Most people have to deal with stress on a regular basis. But do you know what it’s really doing to your body? Learn more about the reasons behind feeling stressed as well as common strategies to not let the stress get to you.
From small hassles, like trips to the Department of Motor Vehicles, to major events, such as wars, the threat of terrorist attacks and constant fear of losing our jobs, modern life presents us with stressors that can be both prolonged and difficult to escape. These are called chronic, or long-term, stressors. Now, not all stress is bad. For example, lifting weights puts stress on your muscles but can improve your overall health. Stress that has good effects is known as eustress.
The prefix ‘eu’ means good. Bad stress, by contrast, is known as distress. And distress, especially chronic distress, can be harmful to your health. In this segment, we’ll explore potential negative health effects of chronic stress and also coping mechanisms.
First, let’s talk about the work of a scientist named Hans Seyle. Seyle was one of the first to study the effects of long-term stress. He theorized about what he called general adaptation syndrome. It describes three stages in reaction to long-term stress: alarm, resistance and exhaustion.
Alarm is the stage in which stress hormones are released along the HPA-axis. Resistance is a stage during which the body tries to adapt to long-term stress and to return to pre-alarmed functioning. But when the stressor presents itself for a long time, our stress responses remain activated, and so it’s difficult for our bodies to return to non-stressed states. The final stage is exhaustion, which can be both physical and mental.
This stage can lead to illness, and ultimately, even death.A major difference between responses to long-term and short-term stress is that, with long-term stress, the body cannot return to its pre-stressed state because levels of stress hormones, especially cortisol, remain elevated.Chronic Stress is known to have negative health effects. They include:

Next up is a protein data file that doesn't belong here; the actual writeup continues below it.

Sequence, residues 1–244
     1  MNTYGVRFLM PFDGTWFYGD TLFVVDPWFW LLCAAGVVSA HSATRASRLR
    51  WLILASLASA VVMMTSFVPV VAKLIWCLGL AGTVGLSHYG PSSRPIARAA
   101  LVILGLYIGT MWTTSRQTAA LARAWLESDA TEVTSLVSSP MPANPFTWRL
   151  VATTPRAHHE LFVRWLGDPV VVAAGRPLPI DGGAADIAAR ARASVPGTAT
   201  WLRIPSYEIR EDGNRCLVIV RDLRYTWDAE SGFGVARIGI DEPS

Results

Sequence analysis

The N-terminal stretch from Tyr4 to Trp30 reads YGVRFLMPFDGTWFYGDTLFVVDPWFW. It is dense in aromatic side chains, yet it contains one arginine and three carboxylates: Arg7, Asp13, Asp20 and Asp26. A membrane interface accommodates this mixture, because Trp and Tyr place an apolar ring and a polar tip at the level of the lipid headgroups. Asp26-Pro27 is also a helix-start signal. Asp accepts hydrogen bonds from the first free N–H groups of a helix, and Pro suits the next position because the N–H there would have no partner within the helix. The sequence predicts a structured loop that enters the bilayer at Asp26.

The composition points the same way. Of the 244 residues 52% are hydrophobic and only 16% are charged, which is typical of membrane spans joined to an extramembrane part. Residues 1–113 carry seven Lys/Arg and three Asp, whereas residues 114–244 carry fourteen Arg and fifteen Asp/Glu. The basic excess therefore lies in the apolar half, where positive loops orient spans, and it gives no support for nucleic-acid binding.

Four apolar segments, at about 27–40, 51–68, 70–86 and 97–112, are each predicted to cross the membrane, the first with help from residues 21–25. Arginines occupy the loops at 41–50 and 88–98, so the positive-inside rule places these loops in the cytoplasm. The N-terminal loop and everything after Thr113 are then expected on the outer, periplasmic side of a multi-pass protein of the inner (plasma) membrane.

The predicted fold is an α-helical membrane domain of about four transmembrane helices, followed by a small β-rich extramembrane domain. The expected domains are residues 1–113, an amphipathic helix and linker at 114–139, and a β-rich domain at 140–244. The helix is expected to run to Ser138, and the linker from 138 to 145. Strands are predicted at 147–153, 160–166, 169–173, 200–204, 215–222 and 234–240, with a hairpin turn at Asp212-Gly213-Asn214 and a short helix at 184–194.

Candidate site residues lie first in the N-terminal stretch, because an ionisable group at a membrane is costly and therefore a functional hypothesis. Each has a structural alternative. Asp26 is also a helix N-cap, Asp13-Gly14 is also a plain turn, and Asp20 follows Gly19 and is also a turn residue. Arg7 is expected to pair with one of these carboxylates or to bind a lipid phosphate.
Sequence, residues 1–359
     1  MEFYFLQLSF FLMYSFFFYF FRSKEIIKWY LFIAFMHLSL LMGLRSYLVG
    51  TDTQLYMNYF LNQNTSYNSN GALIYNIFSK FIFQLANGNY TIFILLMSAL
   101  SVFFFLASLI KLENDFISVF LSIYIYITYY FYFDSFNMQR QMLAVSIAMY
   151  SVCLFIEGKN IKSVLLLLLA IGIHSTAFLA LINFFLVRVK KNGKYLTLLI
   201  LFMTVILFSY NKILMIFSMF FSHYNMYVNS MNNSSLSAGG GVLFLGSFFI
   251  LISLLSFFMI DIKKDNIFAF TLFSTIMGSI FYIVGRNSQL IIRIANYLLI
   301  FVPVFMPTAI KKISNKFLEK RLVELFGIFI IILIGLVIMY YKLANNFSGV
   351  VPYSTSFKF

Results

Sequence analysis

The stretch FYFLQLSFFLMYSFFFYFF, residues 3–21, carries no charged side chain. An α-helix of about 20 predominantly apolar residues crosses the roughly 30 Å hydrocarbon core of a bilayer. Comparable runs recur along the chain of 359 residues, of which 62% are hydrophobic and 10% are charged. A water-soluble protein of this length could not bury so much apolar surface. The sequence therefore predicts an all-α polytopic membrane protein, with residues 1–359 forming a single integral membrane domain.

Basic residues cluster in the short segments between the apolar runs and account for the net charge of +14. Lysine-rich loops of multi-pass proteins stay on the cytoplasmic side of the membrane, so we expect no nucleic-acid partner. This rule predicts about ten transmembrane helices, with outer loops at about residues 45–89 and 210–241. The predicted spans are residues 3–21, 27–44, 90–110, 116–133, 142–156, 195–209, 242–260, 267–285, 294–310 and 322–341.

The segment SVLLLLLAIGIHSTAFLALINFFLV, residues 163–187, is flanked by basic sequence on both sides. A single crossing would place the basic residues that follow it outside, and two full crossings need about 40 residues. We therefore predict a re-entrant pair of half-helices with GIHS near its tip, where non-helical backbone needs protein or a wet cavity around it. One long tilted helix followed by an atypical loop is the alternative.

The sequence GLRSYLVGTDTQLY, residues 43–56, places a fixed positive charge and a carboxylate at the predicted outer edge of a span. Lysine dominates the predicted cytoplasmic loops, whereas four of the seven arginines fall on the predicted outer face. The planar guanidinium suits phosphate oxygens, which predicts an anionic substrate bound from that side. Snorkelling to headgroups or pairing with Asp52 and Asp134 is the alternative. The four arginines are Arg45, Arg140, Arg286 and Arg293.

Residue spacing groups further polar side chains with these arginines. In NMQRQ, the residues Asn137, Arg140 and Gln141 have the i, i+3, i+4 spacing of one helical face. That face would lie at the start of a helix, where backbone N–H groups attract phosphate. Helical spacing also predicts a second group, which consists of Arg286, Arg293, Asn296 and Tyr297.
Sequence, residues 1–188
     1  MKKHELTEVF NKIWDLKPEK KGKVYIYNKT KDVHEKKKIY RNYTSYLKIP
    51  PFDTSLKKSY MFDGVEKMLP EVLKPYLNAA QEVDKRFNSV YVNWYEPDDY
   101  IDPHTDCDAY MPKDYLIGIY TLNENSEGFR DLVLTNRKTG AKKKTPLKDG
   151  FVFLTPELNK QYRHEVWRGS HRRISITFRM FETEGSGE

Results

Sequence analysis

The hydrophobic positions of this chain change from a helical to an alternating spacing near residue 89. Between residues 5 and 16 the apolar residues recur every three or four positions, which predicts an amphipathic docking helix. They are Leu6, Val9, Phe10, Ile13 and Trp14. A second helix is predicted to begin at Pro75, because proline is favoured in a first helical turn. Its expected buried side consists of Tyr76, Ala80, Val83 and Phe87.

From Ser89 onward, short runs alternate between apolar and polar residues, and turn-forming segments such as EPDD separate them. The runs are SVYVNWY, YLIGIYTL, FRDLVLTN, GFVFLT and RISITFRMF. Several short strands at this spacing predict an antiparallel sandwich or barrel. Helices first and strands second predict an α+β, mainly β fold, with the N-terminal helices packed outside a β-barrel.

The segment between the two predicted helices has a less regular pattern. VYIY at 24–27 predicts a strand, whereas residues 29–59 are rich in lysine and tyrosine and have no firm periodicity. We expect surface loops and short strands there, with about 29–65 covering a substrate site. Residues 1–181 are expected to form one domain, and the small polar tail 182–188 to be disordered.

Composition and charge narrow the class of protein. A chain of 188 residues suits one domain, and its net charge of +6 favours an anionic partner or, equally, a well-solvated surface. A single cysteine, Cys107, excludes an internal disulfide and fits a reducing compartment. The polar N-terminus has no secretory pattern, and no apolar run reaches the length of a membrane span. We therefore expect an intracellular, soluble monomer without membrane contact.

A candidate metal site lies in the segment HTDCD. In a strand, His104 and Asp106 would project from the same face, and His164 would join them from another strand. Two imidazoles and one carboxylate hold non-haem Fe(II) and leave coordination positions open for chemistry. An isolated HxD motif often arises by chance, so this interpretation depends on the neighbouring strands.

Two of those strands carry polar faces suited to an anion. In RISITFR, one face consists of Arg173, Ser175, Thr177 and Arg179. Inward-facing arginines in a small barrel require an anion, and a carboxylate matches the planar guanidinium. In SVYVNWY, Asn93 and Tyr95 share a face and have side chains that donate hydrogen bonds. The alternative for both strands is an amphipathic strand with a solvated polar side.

- Weakened immune system
- Damage to DNA, which means our cells age faster than they otherwise might.
A common example of this is greying hair.
Stress really can cause it, because it damages the cells responsible for hair color.
- Heightened risk for heart disease
- There are multiple reasons why stress increases your risk for heart disease. First, cortisol, the stress hormone released by adrenal glands, causes plaque buildup in the arteries. Stress also leads to higher blood pressure.
So, now that we’ve talked about some of the health risks associated with chronic stress, let’s talk about some coping strategies.
Although stress cannot be completely avoided, there are Coping Methods for Long-Term Stress that can reduce its negative effects.
- First, it’s important to identify what the stressors in your life even are. It might be helpful to keep a journal of stressors, as well as your responses to them. Maladaptive responses include substance abuse,unhealthy eating habits and withdrawal from activities, friends, and family.
Even if these techniques provide temporary relief, they can intensify the effects of stress over the long run and leave us even less equipped to deal with stress. Instead of resorting to unhealthy habits, once you’ve identified your stressors, you can try to avoid or change the stressor.
But this is not always possible. If, say, you’re stressed because one of your parents is suffering from a serious illness, that’s a stressor that cannot be readily eliminated. So, when you cannot affect the stressor, then try to change your reaction to it! Try to reframe the situation in a more positive light, modify your standards when you’re being too perfectionistic, accept that some things are beyond your control and express and share, rather than ignore and repress your feelings.To summarize, chronic, or long-term, stress can cause negative health effects, including weakened immune system, damaged DNA and heightened risk for heart disease.
There are coping mechanisms for chronic stress, which include avoiding or changing the stressor, and changing your reaction to the stressor by techniques including reframing and expressing your feelings.